Weaving Down the Silk Road

Our upcoming January/February issue of Handwoven focuses on weaving with silk. Silk delivers shine and drape, warmth, and strength all in one beautiful package, but many of us worry about the cost or whether our weaving skills are up to the challenge of often-fine silk threads. Yet silk weavers such as Tien Chiu will tell you that silk can be pleasurable and cost-effective to weave with, and the results more than justify the effort. Here's Tien to tell you about her love affair with silk. ––Anita

I love silk. To me, it's the perfect fiber. It's lustrous and strong, with delicious drape. It is warm, but not overly so. It's not fussy to warp or weave, and it dyes beautifully, either with acid dyes or with fiber-reactive dyes and soda ash. Because of its strength, silk is ideal for fine-thread weaving, both as warp and as weft. And silk has been associated with luxury textiles for thousands of years.

I started my journey into weaving with silk. My very first project—a hand-dyed rainbow shawl—was woven with a 50% silk/ 50% wool yarn. It made the softest, most wonderfully drapey shawl, behaved beautifully during warping and weaving, and I just loved it despite the many mistakes I made while weaving it. My next project, a silk scarf, was woven from 20/2 silk. Silk soon became my favorite fiber.

Closeup of Tien's Wedding Dress  
Closeup of Tien's handwoven silk wedding dress.   

So when I decided to weave my wedding dress, what was my choice of fiber? Silk, of course! I put on the longest warp I'd done to the point—20 yards of 60/2 silk—and wove yards and yards of fine silk cloth for my wedding ensemble.

I spent over a thousand hours weaving, designing, and sewing the dress, weaving Chinese symbols for a happy marriage into the cloth and embellishing it with imported French lace and pale pink Akoya pearls. The result was a true heirloom  which is now part of the permanent collection at the American Textile History Museum.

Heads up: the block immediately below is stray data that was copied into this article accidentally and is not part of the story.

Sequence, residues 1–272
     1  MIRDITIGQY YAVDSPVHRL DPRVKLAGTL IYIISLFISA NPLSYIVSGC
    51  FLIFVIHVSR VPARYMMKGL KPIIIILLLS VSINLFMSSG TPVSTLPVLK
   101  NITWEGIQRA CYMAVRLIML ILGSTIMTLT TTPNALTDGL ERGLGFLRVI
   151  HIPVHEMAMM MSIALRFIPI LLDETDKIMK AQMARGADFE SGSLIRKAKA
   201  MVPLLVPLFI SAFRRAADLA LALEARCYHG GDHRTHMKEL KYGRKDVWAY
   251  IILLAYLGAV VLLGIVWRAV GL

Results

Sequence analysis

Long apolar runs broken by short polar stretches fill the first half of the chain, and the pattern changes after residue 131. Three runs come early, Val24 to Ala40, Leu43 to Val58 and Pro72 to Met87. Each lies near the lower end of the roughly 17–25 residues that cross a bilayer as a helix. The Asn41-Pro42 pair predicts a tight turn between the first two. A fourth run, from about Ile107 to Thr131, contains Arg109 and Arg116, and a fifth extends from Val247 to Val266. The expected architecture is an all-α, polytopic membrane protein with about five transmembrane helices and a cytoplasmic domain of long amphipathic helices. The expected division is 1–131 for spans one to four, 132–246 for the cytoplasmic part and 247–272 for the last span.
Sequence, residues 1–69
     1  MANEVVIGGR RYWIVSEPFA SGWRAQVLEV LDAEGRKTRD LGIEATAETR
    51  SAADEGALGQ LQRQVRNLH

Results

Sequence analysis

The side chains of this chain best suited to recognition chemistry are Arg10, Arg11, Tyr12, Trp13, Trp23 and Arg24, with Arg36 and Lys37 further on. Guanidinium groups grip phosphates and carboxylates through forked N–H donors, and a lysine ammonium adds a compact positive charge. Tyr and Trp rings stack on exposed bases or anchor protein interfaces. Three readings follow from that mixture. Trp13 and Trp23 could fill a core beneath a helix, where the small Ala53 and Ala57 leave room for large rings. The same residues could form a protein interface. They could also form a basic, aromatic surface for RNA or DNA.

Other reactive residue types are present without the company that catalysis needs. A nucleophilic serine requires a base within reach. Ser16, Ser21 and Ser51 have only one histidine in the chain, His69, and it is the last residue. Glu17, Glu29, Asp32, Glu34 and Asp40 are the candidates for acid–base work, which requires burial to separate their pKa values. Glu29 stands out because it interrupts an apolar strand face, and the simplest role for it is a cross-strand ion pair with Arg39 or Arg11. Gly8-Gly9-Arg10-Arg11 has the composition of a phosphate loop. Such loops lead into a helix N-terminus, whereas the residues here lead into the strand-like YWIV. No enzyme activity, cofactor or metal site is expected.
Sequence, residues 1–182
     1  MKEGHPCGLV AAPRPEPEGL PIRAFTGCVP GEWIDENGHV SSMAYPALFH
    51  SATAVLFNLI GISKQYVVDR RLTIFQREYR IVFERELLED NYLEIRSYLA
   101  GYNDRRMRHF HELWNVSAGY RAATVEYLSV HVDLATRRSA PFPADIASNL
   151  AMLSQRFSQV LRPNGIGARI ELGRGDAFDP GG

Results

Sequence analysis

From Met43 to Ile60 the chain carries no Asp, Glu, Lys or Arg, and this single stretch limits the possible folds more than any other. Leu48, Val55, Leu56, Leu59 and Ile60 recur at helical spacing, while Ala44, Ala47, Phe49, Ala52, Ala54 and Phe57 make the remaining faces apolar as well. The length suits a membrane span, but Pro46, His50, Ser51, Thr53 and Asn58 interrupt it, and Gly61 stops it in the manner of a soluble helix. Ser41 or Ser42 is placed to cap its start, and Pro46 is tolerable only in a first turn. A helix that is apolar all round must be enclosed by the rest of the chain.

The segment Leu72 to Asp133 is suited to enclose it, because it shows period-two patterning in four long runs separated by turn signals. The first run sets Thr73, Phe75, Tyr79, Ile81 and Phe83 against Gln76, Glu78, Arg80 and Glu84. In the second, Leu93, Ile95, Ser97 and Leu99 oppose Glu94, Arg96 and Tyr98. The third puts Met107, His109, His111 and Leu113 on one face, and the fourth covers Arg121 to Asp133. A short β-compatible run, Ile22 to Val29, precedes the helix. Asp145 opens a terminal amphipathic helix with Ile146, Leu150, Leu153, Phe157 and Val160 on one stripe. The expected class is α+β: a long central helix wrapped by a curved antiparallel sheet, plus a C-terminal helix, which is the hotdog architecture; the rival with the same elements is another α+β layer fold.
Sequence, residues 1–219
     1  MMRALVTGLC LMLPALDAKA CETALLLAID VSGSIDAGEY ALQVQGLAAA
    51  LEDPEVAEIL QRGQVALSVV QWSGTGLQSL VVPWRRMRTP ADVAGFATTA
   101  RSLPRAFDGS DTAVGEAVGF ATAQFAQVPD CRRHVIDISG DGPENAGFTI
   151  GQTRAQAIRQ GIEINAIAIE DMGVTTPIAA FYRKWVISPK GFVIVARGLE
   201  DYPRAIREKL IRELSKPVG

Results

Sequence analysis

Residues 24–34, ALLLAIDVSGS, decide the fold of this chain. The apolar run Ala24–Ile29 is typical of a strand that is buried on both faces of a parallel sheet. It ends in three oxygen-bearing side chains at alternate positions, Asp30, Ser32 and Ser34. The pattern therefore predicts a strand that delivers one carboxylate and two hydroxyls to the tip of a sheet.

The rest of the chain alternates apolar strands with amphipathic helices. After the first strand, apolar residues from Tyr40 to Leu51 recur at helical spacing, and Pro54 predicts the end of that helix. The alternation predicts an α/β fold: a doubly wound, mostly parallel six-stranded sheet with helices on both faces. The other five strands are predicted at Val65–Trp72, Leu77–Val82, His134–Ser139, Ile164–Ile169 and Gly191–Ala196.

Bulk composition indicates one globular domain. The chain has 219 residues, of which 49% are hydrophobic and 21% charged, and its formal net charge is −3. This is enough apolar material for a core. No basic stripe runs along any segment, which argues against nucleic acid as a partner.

I also love dyeing silk. Silk is unique among fibers in that it can be dyed using either acid dyes or fiber-reactive dyes with soda ash (a process normally used on cellulose fibers). This gives me a wide choice of methods for dyeing silk—I can use virtually any dye technique meant for natural fibers, from batik to silk painting to katazome.

  Closeup of Tien's Kodachrome Jacket
  Closeup of Tien's Kodachrome
Jacket. Photos by Joe Decker 

When I made my Kodachrome Jacket (featured in the September/October 2011 issue of Handwoven), I chose silk, and painted narrow bouts with rainbow-colored fiber-reactive dyes, then offset the bouts when weaving to produce a gloriously colorful cloth.

The one drawback to silk is its expense. Since it retails for over a hundred dollars a pound, I rarely make heavy fabrics from silk. Instead, I weave fine threads into exquisite small pieces, producing beautiful heirlooms while minimizing my costs. Silk is great for fine-thread projects because it is so strong. My In the Inferno: Firebirds! scarf is woven from 140/2 and 60/2 silk at 72 ends per inch, and weighs no more than an ounce or two. (I had to bead the ends to keep it from floating away!) But because the silk warp was so strong, I broke very few threads while weaving.

In this issue of Handwoven, I've given some tips and tricks for weaving with fine threads, and a small project in fine silks to get you started. I hope you become as addicted to silk as I have—it's a wonderful fiber!

—Tien Chiu

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